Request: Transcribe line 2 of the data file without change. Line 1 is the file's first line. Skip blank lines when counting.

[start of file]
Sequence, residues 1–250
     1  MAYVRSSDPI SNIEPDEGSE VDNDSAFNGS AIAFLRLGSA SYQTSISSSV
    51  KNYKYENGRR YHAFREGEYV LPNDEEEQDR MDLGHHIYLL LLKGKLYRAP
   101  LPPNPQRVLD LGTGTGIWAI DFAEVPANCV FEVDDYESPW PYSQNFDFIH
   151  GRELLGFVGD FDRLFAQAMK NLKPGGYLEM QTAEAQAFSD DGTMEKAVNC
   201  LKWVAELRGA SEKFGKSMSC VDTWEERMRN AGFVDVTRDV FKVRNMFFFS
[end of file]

     1  MAYVRSSDPI SNIEPDEGSE VDNDSAFNGS AIAFLRLGSA SYQTSISSSV